Tuesday, 24 September 2013

U.S.-IRAN: Obama's overture to Rouhani

In an address that could be considered as ''Obama's doctrine'' toward the volatile Middle East, North Africa, Syria and Iran, U.S. President Barack Obama told the U.N. General Assembly on Tuesday that there should be a basis for an agreement on Iran's nuclear ambitions but that the roadblocks will be difficult to overcome. Obama made clear that the United States will take direct action to eliminate threats when necessary and will use military force when diplomacy fails.


Obama, in closely watched remarks on Iran based on a diplomatic opening offered by Iran's new president, Hassan Rouhani, said the United States wants to resolve the Iran nuclear issue peacefully but is determined to prevent Iran from developing a nuclear weapon. "The roadblocks may prove to be too great but I firmly believe the diplomatic path must be tested," Obama said.

Ever since he took office, Rouhani has been on a public relations offensive aimed at the US/West and reformists within his country. His most recent salvo was an interview with NBC News in which he said he had full authority to conclude a nuclear deal with the US/West. He has also recently exchanged letters with President Barack Obama, overseen the release of 11 political prisoners, and cautiously warned the Islamic Revolutionary Guard Corps about getting involved in the political arena. It seems now that Obama's address at the U.N. General Assembly, has given Rouhani a chance to transform this thaw in relations into a real diplomatic opportunity.

If Iran's recent political history holds true, Rouhani has a unique window of opportunity to win sanctions relief. The last three Iranian presidents before him were able to influence policy in their first year before their powers faded. Each came into office with a strong agenda: Ali Akbar Hashemi Rafsanjani's goal was economic liberalization; Mohammad Khatami aimed for a cultural opening, and Mahmoud Ahmadinejad peddled a populist message. And all three were successful in making progress at the start of their terms -- though they all ran into strong resistance from the supreme leader as their tenure dragged on, which reversed their policies.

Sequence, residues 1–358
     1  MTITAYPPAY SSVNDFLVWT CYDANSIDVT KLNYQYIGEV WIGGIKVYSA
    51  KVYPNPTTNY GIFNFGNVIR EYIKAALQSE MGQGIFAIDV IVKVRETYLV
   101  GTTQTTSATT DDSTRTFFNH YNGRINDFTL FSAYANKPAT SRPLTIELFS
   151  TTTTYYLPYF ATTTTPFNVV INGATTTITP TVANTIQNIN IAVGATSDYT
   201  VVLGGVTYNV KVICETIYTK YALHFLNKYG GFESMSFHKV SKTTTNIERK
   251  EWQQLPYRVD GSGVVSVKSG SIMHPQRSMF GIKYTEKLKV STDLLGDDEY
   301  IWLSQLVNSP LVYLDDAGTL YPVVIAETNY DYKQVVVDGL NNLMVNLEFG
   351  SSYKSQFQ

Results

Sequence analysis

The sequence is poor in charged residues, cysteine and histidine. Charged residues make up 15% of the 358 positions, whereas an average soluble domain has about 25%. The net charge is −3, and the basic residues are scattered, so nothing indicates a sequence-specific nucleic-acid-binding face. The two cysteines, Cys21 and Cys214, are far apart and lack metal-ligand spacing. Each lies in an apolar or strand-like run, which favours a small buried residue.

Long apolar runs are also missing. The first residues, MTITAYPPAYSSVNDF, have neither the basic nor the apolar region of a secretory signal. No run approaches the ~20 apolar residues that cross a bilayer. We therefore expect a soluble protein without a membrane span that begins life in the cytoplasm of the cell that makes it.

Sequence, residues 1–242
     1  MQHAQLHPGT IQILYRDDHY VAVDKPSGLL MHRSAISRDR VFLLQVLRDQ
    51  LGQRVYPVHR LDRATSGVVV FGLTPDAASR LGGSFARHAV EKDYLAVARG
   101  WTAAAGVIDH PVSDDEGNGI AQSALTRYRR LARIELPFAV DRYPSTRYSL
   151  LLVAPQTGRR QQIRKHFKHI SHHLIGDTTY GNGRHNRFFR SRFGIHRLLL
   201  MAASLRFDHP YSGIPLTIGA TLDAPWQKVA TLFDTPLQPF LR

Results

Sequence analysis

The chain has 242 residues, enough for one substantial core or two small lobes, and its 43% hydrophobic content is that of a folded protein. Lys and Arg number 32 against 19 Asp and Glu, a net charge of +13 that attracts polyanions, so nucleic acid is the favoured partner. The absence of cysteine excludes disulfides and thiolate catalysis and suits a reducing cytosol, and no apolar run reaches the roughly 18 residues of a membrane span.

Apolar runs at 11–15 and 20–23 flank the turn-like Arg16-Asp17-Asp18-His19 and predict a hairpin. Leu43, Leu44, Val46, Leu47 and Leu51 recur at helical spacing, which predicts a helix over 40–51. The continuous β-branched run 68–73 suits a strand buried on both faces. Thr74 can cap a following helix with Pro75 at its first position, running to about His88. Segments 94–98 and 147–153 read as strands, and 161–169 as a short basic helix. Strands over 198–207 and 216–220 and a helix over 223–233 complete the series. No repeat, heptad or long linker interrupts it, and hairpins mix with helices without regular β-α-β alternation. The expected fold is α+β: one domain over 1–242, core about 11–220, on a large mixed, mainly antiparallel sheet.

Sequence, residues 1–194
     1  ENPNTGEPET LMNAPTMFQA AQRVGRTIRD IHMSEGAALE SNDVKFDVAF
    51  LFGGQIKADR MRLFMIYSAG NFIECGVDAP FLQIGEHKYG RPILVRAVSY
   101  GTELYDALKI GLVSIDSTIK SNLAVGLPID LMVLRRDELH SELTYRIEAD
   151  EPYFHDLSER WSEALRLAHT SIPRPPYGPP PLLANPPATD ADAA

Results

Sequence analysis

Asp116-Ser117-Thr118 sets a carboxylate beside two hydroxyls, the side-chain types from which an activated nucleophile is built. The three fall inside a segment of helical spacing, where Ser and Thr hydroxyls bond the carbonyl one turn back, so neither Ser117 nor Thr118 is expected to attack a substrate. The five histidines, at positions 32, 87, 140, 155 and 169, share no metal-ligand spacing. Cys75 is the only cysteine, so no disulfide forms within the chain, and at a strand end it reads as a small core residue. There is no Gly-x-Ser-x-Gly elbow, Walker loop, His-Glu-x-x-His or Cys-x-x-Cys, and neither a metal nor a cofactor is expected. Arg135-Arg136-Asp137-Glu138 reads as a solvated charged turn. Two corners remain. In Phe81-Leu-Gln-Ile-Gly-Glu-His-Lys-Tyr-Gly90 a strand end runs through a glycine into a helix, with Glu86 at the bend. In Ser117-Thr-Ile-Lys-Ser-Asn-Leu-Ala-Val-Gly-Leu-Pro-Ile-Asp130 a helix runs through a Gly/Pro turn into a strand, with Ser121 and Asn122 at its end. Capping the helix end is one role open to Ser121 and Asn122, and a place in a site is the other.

Rouhani is even better placed than his predecessors to have real influence. He enjoys support from a broad swath of the Iranian political spectrum -- from hard-liners to reformists -- in no small part because of the lessons each camp is drawing from developments across the region. Hard-liners realize that the "resistance policy" advocated by the previous team has not worked well. Resistance has brought Iran only more sanctions, led Syrian President Bashar al-Assad to the brink of disaster, and lost Hezbollah the broad public support it once commanded across the region. They see Rouhani's strategy as a new approach toward the same goals, and they are willing to give it a try.

As for Iran's reformers, they look to Cairo and see what happened to deposed Egyptian President Mohamed Morsi as a sobering lesson for what could have happened in Iran had they prevailed in 2009. A sharp confrontation with the old system and the security forces it controls, in other words, could have quickly brought about a de facto coup.

Rouhani has also made good use of the support he commands. Though his election was as much a surprise as that of his two immediate predecessors, he has quickly assembled an impressive team of like-minded, effective technocrats -- most of whom are acceptable to the hard-liners. His style is the smile, not the snarl, which disarms critics used to the previous crowd's exaggerated rhetoric.

Rouhani's book, National Security and Nuclear Diplomacy -- which made the case that the deals negotiated with European powers in 2003 and 2004 preserved Iran's options while forestalling international pressure -- may serve as a blueprint for his current strategy.

The moment of truth is coming. Obama's address at the U.N. General Assembly today is by far the best overture Iran can possibly dream of from a U.S. President. If Iran is serious about a nuclear deal with United States, it should seize this unique opportunity of diplomacy. If a deal can't be made in the next few months, it's hard to see another opportunity when the chances would ever be this good again.

By Guylain Gustave Moke
Political Analyst/Writer
Investigative Journalist

Photo-Credit: AFP- US President: Barack Obama-addressing the U.N. General Assembly